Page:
Posts by Nick Batzig

 

Why does so much of the Old Testament seem so foreign and irrelevant to those living in the New Covenant era today? Why do we so often struggle to understand how the events in the Old Testament apply to us today? How can we make sense of what seems to be disconnected biographies of saints in the Old Testament? How do events like Israel’s exile into Babylon and promised restoration have a bearing on us today? What are we to make of all the judgment/deliverance accounts? There is, in fact, a very simple answer to these questions. The Bible is about death and resurrection. So often we fail to see that all the events of the Old Covenant revelation were moving forward to the death and resurrection of Christ. This is what Jesus said to the two on the road to Emmaus (Luke 24); and, it is what the Apostle Peter wrote about in 1 Peter 1:10-12. When we get this principle we are greatly helped as we read the Old Testament.

 

Many of us see the New Year as an opportunity to do better. We long for a fresh start. Often, this results in wishful or sentimental “New Year’s resolutions.” At the core of our being, we do not need New Year’sresolutions—we need a “New Year’s Theology;” we need a theology of new creation. We need to know that we have been made new creatures if we are to live in newness of life for Christ. More than anything else in this year ahead, we continually need to hear the voice of the One who cried out, “Behold, I make all things new.” May God grant us the grace to live as those who have been made new creatures and have had our calendars redeemed by the One who lived and died and rose again for us.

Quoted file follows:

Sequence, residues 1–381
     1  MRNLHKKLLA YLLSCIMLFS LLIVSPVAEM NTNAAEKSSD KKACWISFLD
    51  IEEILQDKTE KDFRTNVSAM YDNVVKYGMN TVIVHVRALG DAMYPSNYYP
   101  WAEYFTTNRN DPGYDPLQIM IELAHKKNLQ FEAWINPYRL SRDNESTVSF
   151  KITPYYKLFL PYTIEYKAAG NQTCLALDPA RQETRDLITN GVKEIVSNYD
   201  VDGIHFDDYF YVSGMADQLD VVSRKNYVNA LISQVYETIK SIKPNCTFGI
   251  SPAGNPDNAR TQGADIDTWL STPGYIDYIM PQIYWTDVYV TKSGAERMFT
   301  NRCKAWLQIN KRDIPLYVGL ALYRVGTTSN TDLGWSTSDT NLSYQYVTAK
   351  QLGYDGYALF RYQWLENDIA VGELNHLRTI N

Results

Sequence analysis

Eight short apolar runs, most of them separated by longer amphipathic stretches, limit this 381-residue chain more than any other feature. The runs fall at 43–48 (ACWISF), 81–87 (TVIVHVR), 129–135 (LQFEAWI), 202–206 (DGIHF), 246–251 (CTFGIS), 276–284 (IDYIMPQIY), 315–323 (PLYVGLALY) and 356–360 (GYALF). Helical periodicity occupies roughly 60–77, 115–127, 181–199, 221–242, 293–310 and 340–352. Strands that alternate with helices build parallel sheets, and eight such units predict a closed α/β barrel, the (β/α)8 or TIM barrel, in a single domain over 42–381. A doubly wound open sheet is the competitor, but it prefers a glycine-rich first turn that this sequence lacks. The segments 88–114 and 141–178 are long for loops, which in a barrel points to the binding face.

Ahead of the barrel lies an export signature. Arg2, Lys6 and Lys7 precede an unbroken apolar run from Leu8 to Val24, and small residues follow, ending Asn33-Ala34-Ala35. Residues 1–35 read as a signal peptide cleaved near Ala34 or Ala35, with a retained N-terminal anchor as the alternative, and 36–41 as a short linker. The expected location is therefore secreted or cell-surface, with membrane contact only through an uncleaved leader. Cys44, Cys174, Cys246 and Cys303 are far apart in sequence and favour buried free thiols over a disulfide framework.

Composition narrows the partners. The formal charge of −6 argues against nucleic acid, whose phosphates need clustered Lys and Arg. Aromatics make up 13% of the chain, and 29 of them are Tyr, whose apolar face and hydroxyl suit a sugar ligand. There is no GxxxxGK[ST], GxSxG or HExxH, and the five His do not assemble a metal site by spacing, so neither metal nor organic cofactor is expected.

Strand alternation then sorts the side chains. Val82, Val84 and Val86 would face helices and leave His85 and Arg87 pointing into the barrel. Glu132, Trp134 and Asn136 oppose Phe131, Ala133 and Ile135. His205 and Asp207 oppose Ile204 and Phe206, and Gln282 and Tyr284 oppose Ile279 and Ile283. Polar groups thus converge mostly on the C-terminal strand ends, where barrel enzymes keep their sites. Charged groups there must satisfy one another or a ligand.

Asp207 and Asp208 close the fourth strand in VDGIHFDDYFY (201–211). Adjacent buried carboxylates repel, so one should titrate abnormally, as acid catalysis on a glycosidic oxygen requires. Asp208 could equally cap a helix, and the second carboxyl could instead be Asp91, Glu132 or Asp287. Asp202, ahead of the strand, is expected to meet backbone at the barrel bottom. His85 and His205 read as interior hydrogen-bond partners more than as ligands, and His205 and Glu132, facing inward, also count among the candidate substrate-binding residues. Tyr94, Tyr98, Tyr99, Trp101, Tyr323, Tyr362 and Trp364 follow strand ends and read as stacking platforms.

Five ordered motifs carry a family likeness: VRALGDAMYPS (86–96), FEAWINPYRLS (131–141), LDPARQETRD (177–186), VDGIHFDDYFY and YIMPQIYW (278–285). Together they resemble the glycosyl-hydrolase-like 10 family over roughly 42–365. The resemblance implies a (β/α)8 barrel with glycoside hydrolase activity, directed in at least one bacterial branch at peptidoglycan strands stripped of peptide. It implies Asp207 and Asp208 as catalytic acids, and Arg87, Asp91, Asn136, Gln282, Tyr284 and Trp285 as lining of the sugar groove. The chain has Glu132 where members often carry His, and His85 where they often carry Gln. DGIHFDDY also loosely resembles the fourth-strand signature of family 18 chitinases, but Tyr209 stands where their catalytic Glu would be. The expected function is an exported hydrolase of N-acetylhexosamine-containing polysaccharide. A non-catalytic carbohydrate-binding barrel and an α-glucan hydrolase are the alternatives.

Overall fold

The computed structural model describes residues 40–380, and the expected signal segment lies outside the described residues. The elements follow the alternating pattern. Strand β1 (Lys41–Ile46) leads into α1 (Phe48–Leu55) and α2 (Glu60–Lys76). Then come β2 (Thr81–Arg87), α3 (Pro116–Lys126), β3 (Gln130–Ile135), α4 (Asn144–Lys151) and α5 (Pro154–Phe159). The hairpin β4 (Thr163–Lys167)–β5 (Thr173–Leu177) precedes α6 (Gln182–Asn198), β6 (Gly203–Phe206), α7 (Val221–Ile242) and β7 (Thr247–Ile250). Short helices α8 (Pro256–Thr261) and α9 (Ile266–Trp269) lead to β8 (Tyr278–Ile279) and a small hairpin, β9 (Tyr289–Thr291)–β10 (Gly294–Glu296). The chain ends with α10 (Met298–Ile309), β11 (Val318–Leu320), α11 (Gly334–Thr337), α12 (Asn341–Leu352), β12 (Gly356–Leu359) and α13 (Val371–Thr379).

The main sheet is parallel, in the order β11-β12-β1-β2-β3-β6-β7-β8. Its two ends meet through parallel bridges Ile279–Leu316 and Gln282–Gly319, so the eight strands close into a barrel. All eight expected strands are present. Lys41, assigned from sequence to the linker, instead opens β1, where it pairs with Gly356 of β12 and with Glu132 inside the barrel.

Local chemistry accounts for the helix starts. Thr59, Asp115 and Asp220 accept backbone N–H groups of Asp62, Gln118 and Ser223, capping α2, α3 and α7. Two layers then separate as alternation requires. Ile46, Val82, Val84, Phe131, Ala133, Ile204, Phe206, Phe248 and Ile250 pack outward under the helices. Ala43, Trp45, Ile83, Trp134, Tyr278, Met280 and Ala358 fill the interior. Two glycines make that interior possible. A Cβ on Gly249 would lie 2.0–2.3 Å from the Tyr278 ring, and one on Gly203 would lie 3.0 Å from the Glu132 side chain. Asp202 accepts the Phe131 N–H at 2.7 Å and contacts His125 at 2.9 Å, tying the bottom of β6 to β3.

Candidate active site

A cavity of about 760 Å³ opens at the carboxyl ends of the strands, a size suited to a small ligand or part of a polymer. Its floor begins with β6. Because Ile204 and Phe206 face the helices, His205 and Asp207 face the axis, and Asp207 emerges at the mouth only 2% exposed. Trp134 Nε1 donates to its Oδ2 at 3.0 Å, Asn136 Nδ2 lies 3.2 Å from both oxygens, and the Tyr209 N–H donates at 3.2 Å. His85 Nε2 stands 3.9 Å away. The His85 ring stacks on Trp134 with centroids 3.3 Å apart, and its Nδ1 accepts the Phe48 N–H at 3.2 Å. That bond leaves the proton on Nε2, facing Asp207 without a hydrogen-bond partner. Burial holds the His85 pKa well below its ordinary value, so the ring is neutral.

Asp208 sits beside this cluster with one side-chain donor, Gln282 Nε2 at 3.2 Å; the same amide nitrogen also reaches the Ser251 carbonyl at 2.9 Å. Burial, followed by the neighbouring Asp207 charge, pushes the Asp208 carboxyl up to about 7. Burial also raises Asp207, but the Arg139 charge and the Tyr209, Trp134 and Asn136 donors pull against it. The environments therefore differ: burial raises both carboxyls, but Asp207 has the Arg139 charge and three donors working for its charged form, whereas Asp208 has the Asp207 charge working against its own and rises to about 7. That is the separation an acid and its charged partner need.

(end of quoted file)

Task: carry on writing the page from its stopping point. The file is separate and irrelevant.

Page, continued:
As we navigate through the pages of Scripture, we must be ever careful in our efforts to come to an understanding about the “less clear” portions of Scripture. We must gives ourselves to a prayerful consideration of the context. We must study the details of the Old Testament examples picked up in New Testament exposition. We must labor to understand the way that words are used. We must always try to find a resolution based on the more clear passages of Scripture.

 

God the Father does not love me because of Jesus. He has loved His elect from before the foundation of the world; therefore, He chose them in Christ. He demonstrated that love by sending His Son to die for them when they were ungodly, without strength, sinful and enemies (Romans 5:6-11).

 

Everyone is seeking satisfaction in created things or experiences--whether it is a person, a job, money, status, music, family, etc. We are all seeking satisfaction. The reality is that God has created us to find satisfaction in Himself alone--the fountain of living water. In order to cure us of our idolatrous pleasure seeking, God became Man and thirsted under the wrath of God that we deserve so that we might come to Him by faith and drink of the living waters than never run dry. Jesus is an infinite fountain of soul-satisfying grace. We must learn to come to Him--and to that fountain of living water--again and again. It is only as we do so that we will find an "object still more alluring" than that with which we are now seeking to satify ourselves.